In one of many oddball stories in the Talmud, the commentary on the Hebrew Bible, we’re told about an ancient diss: one rabbi tells another rabbi that his voice is so bad that if the Holy Temple were still standing, he wouldn’t be allowed to sing in it.
As Miriam Anzovin puts it in her first TikTok, “Shimon is pitchy — but Chiyyah is bitchy.”
She’s not – obviously – your typical teacher of Talmud.
Following the same schedule as Daf Yomi, the page-a-day Talmud study cycle whose participants number in the tens of thousands worldwide, Anzovin hair-tosses, speed-talks and eyebrow-pops through her homemade recaps, distilling the daily dose to its sauciest moments.
In Anzovin’s very online breakdowns of the Talmud, everyone is relatable: Rabbi Hanina Ben Dosa’s wife’s neighbor, thwarted by divine intervention more than 2,000 years ago, is a “Karen;” Rabbi Yochanan, whose radiant beauty is a matter of Talmudic discussion, is a “legendary hottie;” and Rav and Rav Huna are “besties” beholden to a “bro code.”
“Some of it is extremely boring,” Anzovin says of her source material. “And some it is extremely not safe for work.”
A non-Orthodox woman with bleach-blonde hair, Anzovin might not look like what most people conjure when asked to think of someone who studies Talmud, which has historically been the domain of Orthodox men. But she may be the quintessential participant in Daf Yomi, whose very mission is to make the long, dense and often arcane Oral Torah more accessible and inclusive.
Her approach is pretty simple — make it funny — and her process fully digital.
She begins her mornings listening to Rabbanit Michelle Farber’s Daf Yomi podcast while she puts on her makeup. Then she’ll read a summary of the same material on MyJewishLearning.com. From there, she’ll skim the text itself on Sefaria.org and riff about it with her chavruta over Google Chat. All along, she’s waiting for inspiration to strike.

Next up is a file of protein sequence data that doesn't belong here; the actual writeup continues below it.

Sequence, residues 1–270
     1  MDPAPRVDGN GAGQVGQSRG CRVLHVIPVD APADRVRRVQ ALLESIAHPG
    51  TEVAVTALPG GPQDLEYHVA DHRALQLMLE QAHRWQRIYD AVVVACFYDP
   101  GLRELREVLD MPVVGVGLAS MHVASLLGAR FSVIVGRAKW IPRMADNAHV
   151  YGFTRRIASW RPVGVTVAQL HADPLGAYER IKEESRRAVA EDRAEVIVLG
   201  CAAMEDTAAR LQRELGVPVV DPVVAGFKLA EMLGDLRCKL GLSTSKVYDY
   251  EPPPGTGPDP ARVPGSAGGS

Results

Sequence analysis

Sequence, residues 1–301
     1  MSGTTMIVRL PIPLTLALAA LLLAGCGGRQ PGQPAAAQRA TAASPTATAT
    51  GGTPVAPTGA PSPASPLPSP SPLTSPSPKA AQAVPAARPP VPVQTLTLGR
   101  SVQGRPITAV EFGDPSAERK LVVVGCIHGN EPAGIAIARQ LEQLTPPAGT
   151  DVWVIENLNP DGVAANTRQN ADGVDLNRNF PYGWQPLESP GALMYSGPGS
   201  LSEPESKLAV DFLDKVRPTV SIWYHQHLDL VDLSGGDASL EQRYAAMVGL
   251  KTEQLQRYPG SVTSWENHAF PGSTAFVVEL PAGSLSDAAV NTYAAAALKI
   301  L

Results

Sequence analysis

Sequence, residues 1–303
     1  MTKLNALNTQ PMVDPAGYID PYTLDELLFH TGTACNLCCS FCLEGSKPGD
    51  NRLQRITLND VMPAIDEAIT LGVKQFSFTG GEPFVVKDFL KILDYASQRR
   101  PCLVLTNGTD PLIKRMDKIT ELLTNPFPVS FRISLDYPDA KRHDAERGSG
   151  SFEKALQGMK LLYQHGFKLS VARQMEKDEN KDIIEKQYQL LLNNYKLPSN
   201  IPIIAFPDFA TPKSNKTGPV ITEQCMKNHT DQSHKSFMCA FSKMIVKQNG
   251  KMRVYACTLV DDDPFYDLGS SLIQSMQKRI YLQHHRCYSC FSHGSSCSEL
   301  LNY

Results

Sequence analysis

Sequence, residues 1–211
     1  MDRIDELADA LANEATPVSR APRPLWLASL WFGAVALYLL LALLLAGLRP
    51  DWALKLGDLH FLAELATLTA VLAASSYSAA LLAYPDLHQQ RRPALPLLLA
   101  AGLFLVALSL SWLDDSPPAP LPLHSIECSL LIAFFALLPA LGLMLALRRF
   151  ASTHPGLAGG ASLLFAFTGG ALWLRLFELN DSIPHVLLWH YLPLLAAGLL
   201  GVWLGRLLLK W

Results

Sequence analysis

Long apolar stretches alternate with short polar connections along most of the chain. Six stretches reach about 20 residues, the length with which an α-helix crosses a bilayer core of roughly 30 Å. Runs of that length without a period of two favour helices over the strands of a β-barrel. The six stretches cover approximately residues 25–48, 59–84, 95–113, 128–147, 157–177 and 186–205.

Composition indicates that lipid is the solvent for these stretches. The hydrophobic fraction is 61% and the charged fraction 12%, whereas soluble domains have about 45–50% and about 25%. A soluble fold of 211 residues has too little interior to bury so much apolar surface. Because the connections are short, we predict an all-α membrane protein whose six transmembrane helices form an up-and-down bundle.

“Sometimes it’s right there at the surface, the modern connection, or the kind of language I would use to describe the scenario in a millennial sense,” she says. “And sometimes you gotta dig a little harder to find it.”
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Anzovin, 36, a content producer for JewishBoston.com, first became interested in Daf Yomi after hearing Rabbi Jonathan Sacks, the late chief rabbi of the United Kingdom, speak highly of the movement. But it was the middle of the seven-and-a-half-year cycle, putting her enthusiasm on hold. Later, the Hanukkah stabbing in Monsey in December 2019 — several were injured and one was killed — got her fully committed.
One week later, on Jan. 5, 2020, a new cycle began with Anzovin on board.
“Every single day that I do the daf is my response to that, is my response to antisemitism, to Jew hatred,” she said.
Her videos defy norms in other ways: her coquettish affect (and occasional profanity) make them evoke the juicy conspiracy theories and brilliant life-hacks popular on TikTok more than the dialectic of staid first-century rabbis. For the most part, Anzovin leaves what others might consider the true substance of the Talmud — arguments about Jewish law — on the cutting room floor.
The videos have, perhaps inevitably, drawn a few unhappy comments — which failed to deter her. She noted a bewildering detour the Talmud takes to consider a scenario in which a snake has entered a woman’s vagina.
“Nothing that I say could ever be worse than the things that are in the Gemara,” she said. “And I say that with love.”
On TikTok, she offers a spicy daily take on Talmud